Resources for Families of Color
- Embrace Race (https://www.embracerace.org/) has a number of amazing resources including:
- Several webinars on police brutality, systemic racism, and the like, including this webinar: https://www.embracerace.org/resources/supporting-kids-of-color-amid-racialized-violence
- Embracerace. (a) I [STILL] can’t breathe”: Supporting kids of color amid racialized violence; (b) Supporting Kids of Color in The Wake of Racialized Violence Part 1 and Part 2; (c) Tips for Talking to Your Child About Racial Injustice.
- “Momma, did you hear the news?” (Talking to kids about race and police) by Sanya Whittaker Gragg – Geared towards grades 1-6. Frames police as a few bad apples rather than discussing systemic racism.
- Resources from the American Psychological Association (APA) focused on resilience and self-care
- Talking With Youth about Racism, Police Brutality and Protests and They're Not too Young to Talk about Race.
- Sesame Workshop has some excellent resources for preschoolers through school age kids, including a 3 part documentary (towards the bottom of the page) Coming Together: Standing up to Racism - https://www.sesameworkshop.org/what-we-do/racial-justice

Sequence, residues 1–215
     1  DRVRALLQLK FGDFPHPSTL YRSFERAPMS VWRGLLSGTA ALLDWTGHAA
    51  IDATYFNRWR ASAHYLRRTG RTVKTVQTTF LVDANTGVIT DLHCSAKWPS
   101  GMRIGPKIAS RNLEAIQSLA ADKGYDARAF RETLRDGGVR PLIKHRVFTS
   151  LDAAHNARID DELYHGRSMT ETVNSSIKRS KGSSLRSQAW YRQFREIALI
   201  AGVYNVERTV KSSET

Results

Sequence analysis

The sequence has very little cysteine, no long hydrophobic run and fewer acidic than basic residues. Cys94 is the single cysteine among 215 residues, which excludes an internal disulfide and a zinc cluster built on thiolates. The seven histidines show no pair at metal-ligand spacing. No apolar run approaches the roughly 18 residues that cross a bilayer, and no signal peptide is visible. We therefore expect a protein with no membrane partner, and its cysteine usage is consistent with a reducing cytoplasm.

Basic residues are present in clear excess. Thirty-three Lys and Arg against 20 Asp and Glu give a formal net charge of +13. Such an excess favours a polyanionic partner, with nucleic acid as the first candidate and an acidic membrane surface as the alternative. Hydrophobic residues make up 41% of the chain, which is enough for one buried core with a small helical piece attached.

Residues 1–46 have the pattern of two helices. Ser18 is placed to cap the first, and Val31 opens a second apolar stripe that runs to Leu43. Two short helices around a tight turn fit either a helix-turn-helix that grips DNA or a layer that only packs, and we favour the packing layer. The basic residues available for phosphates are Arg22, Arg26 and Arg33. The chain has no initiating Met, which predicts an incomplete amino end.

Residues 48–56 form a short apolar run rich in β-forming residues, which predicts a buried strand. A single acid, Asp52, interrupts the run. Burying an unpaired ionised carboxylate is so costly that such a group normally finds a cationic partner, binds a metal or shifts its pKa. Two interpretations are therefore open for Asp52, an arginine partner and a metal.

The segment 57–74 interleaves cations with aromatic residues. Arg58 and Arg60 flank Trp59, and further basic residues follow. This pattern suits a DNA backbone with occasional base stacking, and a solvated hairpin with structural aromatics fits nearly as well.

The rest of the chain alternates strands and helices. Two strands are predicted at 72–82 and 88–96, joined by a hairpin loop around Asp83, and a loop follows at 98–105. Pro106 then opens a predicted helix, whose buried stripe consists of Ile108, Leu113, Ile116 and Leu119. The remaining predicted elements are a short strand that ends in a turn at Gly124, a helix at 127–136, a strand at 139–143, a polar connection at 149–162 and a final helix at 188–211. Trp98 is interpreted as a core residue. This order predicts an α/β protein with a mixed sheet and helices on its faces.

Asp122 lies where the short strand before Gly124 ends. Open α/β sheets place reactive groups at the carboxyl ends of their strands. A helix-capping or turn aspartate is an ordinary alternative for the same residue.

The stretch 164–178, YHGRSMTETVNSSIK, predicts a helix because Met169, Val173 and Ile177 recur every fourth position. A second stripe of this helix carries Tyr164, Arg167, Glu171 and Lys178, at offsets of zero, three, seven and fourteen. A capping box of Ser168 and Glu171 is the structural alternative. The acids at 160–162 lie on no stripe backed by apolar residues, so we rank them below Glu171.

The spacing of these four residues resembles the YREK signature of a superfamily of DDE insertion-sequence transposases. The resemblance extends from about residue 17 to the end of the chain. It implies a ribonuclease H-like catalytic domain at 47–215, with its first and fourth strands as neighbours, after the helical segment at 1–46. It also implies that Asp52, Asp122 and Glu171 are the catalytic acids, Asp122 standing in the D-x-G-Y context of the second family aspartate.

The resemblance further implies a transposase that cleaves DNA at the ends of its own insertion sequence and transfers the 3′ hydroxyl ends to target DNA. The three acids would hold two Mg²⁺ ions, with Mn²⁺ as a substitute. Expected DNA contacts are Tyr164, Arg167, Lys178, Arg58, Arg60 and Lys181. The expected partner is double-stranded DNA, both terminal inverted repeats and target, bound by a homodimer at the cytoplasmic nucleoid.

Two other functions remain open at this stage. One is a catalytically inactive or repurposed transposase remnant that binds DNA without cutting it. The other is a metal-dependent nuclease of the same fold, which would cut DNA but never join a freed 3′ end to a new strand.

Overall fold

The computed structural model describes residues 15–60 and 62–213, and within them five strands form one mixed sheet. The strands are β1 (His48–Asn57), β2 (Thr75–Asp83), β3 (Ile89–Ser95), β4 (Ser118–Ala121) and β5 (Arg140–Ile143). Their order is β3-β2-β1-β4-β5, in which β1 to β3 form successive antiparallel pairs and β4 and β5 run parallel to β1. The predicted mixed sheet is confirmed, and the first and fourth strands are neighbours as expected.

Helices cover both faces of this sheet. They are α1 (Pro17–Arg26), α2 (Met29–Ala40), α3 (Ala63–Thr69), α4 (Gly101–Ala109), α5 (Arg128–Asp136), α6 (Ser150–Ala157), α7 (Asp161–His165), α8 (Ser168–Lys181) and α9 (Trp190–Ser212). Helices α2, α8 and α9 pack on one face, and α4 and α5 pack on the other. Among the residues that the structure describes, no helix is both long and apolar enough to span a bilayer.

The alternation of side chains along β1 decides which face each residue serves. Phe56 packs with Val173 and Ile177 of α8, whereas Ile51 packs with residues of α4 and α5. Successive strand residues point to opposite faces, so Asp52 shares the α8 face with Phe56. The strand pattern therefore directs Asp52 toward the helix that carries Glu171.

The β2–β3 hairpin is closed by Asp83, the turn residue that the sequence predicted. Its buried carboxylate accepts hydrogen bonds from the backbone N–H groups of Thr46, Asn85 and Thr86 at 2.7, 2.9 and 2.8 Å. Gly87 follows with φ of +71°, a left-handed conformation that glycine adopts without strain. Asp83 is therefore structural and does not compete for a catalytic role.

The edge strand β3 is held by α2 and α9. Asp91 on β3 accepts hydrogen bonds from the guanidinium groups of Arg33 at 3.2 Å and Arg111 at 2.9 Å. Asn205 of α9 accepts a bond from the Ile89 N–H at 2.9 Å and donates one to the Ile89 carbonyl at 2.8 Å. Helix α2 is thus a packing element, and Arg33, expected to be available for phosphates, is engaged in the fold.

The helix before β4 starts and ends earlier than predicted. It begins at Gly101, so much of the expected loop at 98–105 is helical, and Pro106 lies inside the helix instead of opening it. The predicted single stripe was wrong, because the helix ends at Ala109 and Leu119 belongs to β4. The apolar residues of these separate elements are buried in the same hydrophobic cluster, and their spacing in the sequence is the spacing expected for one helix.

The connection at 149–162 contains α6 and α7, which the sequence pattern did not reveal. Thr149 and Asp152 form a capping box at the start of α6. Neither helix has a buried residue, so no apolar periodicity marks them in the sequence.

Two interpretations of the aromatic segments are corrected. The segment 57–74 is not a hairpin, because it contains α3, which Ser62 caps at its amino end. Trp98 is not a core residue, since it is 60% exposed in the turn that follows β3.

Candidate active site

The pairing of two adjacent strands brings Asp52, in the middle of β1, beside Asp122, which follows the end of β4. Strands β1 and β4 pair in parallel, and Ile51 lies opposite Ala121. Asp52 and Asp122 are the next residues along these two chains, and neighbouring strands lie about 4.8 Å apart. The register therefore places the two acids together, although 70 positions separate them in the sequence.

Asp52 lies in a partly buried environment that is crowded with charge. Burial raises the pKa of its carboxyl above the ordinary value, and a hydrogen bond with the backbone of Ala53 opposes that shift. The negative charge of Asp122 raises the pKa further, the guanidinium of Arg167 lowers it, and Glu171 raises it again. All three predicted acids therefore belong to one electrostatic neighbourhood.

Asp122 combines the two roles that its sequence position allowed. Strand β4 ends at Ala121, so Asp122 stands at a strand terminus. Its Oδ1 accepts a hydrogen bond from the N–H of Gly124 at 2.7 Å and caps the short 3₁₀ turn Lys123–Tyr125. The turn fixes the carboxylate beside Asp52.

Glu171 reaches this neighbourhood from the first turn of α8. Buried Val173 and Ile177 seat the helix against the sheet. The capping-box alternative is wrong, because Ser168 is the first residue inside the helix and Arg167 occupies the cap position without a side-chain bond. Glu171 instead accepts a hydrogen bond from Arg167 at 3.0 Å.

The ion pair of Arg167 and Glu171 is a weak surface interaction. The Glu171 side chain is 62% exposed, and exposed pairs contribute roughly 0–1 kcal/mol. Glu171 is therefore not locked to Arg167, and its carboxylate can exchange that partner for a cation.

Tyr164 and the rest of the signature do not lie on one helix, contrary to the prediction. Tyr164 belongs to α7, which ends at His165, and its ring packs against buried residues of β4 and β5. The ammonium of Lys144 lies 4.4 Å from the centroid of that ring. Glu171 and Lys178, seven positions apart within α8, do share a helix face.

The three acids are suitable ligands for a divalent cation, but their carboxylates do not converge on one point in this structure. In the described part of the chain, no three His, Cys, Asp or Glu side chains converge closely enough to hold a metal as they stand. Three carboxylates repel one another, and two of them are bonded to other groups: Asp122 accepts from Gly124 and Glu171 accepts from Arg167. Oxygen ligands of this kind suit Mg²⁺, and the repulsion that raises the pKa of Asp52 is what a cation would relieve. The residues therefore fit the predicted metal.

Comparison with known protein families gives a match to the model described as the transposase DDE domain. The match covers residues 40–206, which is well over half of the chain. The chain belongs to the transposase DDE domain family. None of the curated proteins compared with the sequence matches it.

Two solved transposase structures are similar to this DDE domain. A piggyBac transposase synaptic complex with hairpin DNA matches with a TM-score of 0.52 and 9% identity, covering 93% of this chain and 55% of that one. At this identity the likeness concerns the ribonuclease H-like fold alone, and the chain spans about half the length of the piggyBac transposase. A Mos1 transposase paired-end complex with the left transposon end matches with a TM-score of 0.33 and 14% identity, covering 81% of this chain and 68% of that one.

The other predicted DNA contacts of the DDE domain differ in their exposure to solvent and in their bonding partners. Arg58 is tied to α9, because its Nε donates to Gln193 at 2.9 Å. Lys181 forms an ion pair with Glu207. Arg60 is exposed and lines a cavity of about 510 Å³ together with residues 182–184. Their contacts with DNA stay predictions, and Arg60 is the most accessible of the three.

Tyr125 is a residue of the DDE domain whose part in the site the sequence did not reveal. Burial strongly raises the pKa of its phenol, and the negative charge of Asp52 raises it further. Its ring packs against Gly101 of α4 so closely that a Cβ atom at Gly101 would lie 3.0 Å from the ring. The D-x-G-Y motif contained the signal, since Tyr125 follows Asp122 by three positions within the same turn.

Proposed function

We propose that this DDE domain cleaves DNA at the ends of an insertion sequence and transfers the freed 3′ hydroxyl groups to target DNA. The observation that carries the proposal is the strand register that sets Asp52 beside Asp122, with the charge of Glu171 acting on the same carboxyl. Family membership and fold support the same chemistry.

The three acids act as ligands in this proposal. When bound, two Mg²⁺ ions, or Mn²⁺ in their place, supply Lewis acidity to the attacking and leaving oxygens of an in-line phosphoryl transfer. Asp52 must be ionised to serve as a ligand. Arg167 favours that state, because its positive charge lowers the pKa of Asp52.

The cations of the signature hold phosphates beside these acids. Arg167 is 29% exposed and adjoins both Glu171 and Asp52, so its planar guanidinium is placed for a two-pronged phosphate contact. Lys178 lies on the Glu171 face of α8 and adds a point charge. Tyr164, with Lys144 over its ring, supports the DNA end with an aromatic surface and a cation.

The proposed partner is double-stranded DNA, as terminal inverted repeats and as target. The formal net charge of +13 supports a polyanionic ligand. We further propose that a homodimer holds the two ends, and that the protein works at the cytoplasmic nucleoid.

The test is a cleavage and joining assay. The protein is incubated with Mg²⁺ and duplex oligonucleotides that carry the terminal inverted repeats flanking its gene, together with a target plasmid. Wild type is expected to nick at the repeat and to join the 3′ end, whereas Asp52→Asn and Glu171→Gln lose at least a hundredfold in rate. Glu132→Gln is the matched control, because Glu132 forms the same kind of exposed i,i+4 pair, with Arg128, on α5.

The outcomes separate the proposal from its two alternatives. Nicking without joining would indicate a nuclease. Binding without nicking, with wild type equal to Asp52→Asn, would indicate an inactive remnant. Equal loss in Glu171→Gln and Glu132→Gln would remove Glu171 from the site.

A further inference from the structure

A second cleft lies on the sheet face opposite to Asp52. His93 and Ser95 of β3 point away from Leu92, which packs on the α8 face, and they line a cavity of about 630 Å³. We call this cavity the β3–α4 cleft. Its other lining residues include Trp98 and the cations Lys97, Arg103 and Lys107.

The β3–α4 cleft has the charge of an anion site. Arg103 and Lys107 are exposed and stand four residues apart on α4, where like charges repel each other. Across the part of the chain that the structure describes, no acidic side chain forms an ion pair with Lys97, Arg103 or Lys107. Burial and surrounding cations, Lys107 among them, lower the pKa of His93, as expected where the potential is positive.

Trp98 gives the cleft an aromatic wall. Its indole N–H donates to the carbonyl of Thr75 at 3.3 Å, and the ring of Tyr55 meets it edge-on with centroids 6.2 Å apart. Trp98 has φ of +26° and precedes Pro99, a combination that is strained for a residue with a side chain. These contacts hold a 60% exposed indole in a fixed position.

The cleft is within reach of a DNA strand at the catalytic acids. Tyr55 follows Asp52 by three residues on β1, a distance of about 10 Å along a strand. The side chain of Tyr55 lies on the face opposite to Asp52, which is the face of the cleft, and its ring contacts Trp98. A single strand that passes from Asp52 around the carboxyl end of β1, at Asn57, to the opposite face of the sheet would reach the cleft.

- Bibliotherapy is a powerful medium to start these conversations. See APA's RESilience; Embracerace; Social Justice Books; Charis Books and More. A personal favorite: Something Happened in Our Town. The story is about two families — one White, one Black — as they discuss a police shooting of a Black man in their community. The story aims to answer children's questions about such traumatic events, and to help children identify and counter racial injustice in their own lives. You can listen to a recording here.
- Riana Anderson – Assistant Professor at UofM in the School of Public Health Here is her website and a link to an Apple Podcast episode she did on Talking to Kids about Race. She has also designed a clinical intervention, which "focuses on racial socialization, racial stress and coping, and family functioning in order to reduce the discriminatory tension we may experience on a daily basis." Here's that website.
Resources for White Families
- Google Doc with many suggested books, podcasts etc to deepend your anti-racist education and help raise anti-racist children: bit.ly/ANTIRACISMRESOURCES